Billy Crystal and Bette Midler star in the hilarious comedy about grandparents who have been asked to watch their grandchildren for a week. At first, I wasn’t too sure about this film. It was on my “wait-for-DVD” list. But, when the chance came to go a free preview screening, I thought, “Why not?” And I’m glad I did. The film was much better than I had anticipated.
This is a great family film. Crystal and Midler were a great pair as Artie and Diane. Their daughter, Alice (Marisa Tomei) and her husband Phil (Tom Everett Scott) need to go out of town as Phil accepts an award. The only way they can do it, if is Alice’s parents come to Atlanta for a week. The three children, Harper, Turner, and Barker are all great. They each have their own challenge – Harper is playing the violin without joy, Turner stutters, and Barker has an imaginary friend. All of these find some resolution at the end of a week with Artie and Diane.
The story, developed by Crystal, is a great story about being family. It is told through the comical eyes of Billy Crystal, complete with baseball metaphors and silly gags. Artie is a baseball game announcer. He (like his creator) loves the game. At the end of the season, however, Artie is fired. He is too old, and they want fresh blood. This is the first dilemma in this story.
Artie has a hard time dealing with being fired, because it means the end of his dream of announcing for the Giants. As he talks to Diane about it, the phone rings. It is Alice, she is in a bind, and is wondering if they would be interested in watching the children for a week. Alice is expecting them to say no. While Artie shakes his head no, Diane yells out, “Yes!” This opening scene shows us that there is something amiss between parents and grown up child. As the film unfolds, we begin to put all the pieces of this paper together.
And as we piece the story together, we realize the brilliance of releasing this movie on Christmas day. It is a story about family coming together, depsite their distance geographically and emotionally. There is no Christmas tree, no Christmas presents, no Christmas celebrations. Just everyday family stuff. And that is what’s remarkable about this film. It is not Christmas, but it feels like Christmas. Why? Because it is about family.
We all have some Crazy
There is no doubt that everyone who sees this film will connect with one of the family members. And we can all relate to Alice who tries to avoid letting her children around their crazy relatives. We learn that for Alice, the crazy are her parents. When Artie and Diane arrive at their home in Atlanta, they learn that they are the “other grandparents.” The ones that rarely see their grandchildren. Diane vows that by the end of the week, that is going to change.
As I screened this film in the movie theater, there was a lady a few seats down from me that kept making comments about Alice’s behavior. Her commentary on the film, was a connection. She related to Artie and Diane who aren’t as crazy as Alice makes them out to be, because Alice has some crazy in her, too. Alice has tried to raise her three children the exact opposite way that her parents raised her. They are not told “no,” they are told to consider the consequences. And despite the rolling of the eyes from Artie and Diane, it works for Alice and her family.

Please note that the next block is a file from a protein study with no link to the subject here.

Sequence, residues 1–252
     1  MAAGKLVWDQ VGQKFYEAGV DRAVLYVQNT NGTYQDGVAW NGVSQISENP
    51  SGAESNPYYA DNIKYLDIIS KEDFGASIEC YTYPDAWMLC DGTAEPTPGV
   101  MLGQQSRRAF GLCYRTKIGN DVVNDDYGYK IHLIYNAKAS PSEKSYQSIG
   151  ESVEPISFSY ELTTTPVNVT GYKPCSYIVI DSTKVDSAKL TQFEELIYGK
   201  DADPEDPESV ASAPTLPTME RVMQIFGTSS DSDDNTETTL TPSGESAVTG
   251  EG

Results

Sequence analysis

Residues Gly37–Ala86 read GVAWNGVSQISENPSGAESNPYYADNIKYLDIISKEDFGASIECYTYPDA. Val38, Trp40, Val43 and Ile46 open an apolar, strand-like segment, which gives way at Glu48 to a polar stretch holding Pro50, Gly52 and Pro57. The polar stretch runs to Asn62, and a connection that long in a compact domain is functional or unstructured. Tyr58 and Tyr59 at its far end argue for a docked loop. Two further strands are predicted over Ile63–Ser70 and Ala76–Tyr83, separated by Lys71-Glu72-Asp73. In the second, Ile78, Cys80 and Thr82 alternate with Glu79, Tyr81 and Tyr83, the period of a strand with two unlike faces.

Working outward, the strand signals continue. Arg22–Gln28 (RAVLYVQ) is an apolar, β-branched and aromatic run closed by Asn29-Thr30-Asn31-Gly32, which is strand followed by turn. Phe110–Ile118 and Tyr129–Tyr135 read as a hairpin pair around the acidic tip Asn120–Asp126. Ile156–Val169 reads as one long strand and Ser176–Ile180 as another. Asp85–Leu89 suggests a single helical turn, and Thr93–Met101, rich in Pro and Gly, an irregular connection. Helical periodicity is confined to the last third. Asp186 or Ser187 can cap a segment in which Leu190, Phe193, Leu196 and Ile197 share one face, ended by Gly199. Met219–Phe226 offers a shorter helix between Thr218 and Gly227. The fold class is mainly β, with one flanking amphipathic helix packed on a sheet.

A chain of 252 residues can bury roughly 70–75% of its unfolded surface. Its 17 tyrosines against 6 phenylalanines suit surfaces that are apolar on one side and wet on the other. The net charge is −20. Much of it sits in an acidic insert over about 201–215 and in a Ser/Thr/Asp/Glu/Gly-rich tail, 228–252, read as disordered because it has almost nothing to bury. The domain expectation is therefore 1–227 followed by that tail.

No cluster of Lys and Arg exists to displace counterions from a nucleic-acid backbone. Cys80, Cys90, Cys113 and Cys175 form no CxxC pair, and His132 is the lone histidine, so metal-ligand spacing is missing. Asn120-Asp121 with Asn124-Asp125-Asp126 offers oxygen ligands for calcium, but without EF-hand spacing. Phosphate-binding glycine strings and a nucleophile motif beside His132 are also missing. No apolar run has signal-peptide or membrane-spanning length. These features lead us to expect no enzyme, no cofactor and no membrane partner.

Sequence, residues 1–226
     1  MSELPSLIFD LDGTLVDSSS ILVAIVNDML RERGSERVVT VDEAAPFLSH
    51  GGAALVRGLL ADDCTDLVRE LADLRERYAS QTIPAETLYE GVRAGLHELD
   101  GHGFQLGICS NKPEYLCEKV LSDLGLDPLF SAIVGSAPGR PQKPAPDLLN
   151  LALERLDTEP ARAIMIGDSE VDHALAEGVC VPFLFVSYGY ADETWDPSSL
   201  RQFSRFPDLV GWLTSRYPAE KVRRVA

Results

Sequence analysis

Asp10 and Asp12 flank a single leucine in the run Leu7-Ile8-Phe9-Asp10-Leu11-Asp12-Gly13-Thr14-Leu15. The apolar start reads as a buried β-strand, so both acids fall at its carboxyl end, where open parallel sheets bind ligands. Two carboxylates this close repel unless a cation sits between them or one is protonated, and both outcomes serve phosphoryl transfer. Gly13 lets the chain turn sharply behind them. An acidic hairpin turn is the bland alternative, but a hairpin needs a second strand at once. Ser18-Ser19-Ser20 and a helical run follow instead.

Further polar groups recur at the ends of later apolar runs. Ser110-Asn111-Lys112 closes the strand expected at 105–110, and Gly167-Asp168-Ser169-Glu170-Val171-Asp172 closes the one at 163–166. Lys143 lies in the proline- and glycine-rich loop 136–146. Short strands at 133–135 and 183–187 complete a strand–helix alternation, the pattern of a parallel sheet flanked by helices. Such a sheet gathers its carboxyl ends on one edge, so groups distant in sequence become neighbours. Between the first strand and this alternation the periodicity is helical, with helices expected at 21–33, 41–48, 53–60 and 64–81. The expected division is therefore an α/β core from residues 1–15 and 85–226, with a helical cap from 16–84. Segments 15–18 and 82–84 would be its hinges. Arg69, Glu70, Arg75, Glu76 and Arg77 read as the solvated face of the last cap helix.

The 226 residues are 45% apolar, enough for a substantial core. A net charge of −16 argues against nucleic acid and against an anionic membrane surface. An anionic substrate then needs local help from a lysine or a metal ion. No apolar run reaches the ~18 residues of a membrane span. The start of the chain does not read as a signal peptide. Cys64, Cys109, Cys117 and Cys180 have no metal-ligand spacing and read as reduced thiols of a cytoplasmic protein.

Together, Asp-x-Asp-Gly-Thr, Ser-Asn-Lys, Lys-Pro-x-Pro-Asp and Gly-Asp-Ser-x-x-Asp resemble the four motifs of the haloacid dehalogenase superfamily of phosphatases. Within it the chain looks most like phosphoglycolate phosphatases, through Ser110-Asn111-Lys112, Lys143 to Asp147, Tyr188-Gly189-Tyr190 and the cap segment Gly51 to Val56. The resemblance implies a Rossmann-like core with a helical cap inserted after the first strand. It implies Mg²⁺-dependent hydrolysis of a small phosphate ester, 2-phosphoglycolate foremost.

Alice is so worried about leaving her kids with her parents, that she almost never leaves to go be with Phil. Diane finally takes Alice that the hand and drives her to the airport. She tells Alice that she needs to be with her husband, because when your children grow up and leave, your husband is all you got.
Transformation is Possible
Artie and Diane’s way of parenting is different from Alice and Phil’s. What makes the movie is watching Artie and Diane figure out how to build a relationship with their grandchildren. Yes, they make mistakes. Artie puts himself first, putting Barker in danger. Diane threatens Harper’s violin teacher. This is part of the remarkable quality of this film. Artie and Diane make a ton of mistakes. But mistakes and failures are not final. Transformation is possible.
After the mistakes, and after the clean up, there is time for coffee. Artie comes down into the kitchen and finds Alice drinking a cup of coffee (or herbal tea). He sits with her and the two of them have a great heart-to-heart about what happened. They also begin the hard work of mending their relationship.
Alice eventually comes to terms with the fact that her parents have a made a difference in her children’s lives. Harper finds her twelve-year voice and tells her mom she doesn’t want to audition for this other school. She likes the school she’s at. Barker’s imaginary friend tragically dies. As Phil points out to Alice, only Barker could make that happen. Artie tells Barker a number of times that Barker needs to be in control of his friend, not the other way around.
And the tearjerker of the film comes when Turner, who stutters and struggles to find his voice, walks up on stage to an empty microphone. He suddenly starts reciting the play by play of a baseball game that he and Artie have been listening to. Word for word, Turner recites the whole things without stuttering once. It is in this moment that Alice not only realizes but accepts what her dad has done for her family.
Overall, the film is a great family movie (grandchildren, take your grandparents). The story is not as disjointed as I feared it would be. The gags are funny, with clean language, and not all of the funny scenes are in the previews. The young actors are just as good as Crystal and Midler.